A blooming writer fellowship
Sophia Efthimiatou is the Head of Writer Relations here at Substack. You can read more of Sophia’s writing on Substack here and her notes here.
Now that I am well in my 40s, the only things that manage to surprise me are those that shake my cynicism. This happens rarely, but when it does I am disarmed by peaceful resignation: despite all its horrors and all my bitterness, the world is going to be just fine. These moments unfailingly find me outside or beyond screens, where humans interact with other humans and exhibit small but essential signs of a persevering generosity. Rarely–no, never–had I experienced such a feeling while witnessing people interacting online. Partly because the majority of the exchanges I saw were antagonistic, but also because I was aware, like everyone else, of a constant audience that rendered every positive act, however genuine, into a performance.
Here at Substack, we keep talking about a subscription network and what that means. The word we most often use to describe its wiring is trust; there is a bond of good faith that unites writers and readers here because they are both choosing to invest, not waste, time and money in each other. And where there is trust there is always intimacy.
With the release of Notes this month, our subscription network has lit up, and thanks to that foundational trust what we saw run through it was an electrifying goodwill that can shock back to life even the hairy heart of a cynic. Though we are still in the early days of Notes, a clear trend that has made itself known is that of writers promoting the work of other writers they love. Here, where they are even more incentivized than on other platforms by financial reward to grow their own audiences, writers choose instead to shine the spotlight on other writers that nurture their minds–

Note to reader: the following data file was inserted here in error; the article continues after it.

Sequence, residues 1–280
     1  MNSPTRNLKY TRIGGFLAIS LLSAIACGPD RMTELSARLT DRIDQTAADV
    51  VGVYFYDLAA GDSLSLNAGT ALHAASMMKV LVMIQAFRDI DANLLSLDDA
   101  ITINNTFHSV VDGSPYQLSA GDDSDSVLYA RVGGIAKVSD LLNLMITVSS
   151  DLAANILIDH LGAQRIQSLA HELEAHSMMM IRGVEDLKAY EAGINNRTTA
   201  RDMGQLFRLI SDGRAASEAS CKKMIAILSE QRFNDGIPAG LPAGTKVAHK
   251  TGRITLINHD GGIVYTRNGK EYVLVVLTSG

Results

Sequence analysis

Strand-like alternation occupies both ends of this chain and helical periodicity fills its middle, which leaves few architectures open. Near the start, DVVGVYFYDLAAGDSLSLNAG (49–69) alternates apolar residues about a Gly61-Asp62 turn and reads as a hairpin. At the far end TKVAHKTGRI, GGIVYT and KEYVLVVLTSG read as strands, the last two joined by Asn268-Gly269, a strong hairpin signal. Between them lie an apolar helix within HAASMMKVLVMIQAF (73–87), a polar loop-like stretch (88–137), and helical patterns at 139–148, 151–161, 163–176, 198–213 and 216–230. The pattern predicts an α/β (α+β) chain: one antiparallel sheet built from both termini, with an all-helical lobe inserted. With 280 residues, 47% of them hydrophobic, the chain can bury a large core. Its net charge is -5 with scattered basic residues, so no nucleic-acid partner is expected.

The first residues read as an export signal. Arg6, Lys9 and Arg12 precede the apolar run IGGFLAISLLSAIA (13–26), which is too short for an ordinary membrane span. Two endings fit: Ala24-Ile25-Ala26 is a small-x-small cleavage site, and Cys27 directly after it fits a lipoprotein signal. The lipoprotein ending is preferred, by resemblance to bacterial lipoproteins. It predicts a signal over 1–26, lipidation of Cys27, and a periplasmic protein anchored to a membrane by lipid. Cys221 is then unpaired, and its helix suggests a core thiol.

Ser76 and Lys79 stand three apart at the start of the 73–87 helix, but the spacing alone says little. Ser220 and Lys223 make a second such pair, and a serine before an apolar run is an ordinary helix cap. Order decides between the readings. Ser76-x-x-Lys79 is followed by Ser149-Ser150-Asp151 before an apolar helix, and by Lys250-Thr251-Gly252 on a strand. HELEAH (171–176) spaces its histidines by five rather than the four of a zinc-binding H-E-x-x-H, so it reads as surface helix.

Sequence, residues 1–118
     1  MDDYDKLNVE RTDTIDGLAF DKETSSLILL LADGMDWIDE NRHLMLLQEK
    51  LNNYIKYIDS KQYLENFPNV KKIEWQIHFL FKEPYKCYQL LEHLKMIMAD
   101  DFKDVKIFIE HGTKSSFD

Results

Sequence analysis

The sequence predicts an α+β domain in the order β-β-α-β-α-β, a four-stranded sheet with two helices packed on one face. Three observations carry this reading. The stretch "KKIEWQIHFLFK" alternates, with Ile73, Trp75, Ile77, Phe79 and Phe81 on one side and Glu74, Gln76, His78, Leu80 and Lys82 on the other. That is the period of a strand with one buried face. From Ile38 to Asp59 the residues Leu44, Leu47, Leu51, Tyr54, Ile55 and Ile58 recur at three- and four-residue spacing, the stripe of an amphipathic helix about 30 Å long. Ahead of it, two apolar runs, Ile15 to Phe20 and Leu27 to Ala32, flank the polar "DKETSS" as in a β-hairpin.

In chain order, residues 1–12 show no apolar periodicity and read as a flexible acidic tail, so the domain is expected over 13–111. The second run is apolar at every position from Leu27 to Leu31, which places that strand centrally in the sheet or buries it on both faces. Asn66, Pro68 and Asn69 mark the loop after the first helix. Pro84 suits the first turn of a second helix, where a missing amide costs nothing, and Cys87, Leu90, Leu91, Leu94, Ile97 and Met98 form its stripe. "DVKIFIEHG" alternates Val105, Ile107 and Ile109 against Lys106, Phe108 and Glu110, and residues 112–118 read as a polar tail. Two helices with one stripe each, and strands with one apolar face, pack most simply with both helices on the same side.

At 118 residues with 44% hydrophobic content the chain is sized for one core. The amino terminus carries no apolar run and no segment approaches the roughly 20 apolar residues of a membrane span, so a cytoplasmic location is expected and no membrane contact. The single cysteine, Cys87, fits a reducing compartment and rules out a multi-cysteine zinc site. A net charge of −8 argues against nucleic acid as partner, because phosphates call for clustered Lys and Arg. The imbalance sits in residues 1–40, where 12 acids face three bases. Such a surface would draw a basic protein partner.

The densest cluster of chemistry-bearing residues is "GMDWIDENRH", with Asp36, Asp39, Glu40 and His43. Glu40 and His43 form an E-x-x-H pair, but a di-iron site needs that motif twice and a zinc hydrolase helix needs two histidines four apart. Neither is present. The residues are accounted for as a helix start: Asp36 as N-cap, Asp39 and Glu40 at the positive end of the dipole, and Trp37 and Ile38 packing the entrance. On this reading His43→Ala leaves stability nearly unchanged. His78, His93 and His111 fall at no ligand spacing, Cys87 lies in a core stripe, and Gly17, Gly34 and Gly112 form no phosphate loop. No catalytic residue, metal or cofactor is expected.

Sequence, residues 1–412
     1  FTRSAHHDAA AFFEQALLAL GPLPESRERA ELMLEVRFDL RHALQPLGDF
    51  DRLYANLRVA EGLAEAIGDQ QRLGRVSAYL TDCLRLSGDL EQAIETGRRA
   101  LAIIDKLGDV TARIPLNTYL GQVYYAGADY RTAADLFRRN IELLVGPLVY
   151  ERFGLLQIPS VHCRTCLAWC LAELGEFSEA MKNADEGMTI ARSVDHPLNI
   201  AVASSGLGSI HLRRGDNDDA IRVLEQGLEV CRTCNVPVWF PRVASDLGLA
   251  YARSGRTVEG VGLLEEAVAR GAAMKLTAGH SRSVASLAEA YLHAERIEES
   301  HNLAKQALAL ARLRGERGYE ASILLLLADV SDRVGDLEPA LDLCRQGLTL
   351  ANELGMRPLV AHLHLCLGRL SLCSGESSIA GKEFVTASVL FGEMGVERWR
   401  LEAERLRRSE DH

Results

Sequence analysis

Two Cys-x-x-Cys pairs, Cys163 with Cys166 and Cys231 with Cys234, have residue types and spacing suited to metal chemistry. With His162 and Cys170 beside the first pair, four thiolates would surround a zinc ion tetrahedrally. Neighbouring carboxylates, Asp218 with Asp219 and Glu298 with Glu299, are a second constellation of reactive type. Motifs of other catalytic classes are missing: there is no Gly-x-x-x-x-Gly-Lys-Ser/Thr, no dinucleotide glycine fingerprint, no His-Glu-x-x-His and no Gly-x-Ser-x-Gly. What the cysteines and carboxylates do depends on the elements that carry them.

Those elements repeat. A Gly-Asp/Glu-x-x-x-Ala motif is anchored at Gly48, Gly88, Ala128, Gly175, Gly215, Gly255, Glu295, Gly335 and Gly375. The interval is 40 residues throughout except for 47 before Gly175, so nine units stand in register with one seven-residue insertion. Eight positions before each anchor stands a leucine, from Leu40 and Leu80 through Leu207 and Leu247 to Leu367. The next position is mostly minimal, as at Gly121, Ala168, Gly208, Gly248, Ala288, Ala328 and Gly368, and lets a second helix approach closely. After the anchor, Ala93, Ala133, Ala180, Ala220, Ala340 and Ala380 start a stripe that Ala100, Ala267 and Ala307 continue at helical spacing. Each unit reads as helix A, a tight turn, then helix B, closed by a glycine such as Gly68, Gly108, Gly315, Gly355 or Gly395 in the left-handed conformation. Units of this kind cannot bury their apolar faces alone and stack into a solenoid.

They endorse them,
encourage readers to subscribe to them,
make it their mission to surface and highlight those deserving attention,
In just one week, we watched subscriber charts shoot up as writer fellowship drove growth and discovery across the platform.
There was an authenticity in these endorsements that moved me in a way that I had not experienced on an online forum before, precisely because the stakes here were higher. To recommend a Substack is to recommend a habit, an ongoing communion with a certain consciousness that feeds yours. It is not an act of charity but one of generosity to other writers, readers, but also to the self because writing is the one gift we can enjoy more the more we share it with others. A subscription network sparkles bright and expands with what we are willing to share rather than claim from each other.
As Ted Gioia put it:
I can confirm what other Substack writers have reported—the launch of Notes has accelerated subscriber growth. I’ve gotten a noticeable boost, and other writers here have enjoyed even bigger gains.
This is more validation that the platform grows by creating a community (or a group of overlapping communities). This not only benefits all participants, writers and readers, but also sharply differentiates our work from most other legacy media outlets—where the stratified, hierarchical approach and (let’s be honest) poor comment quality make community building almost impossible.
We have a genuine chance to do something different here. Maybe it has already started.
The magic of the digital space we aspire to build will not be powered by code, but by the same principles that underline good human behavior. Thank you for bringing that fellowship on Notes and giving even the most jaded among us reasons to remain optimistic.
A blooming writer fellowship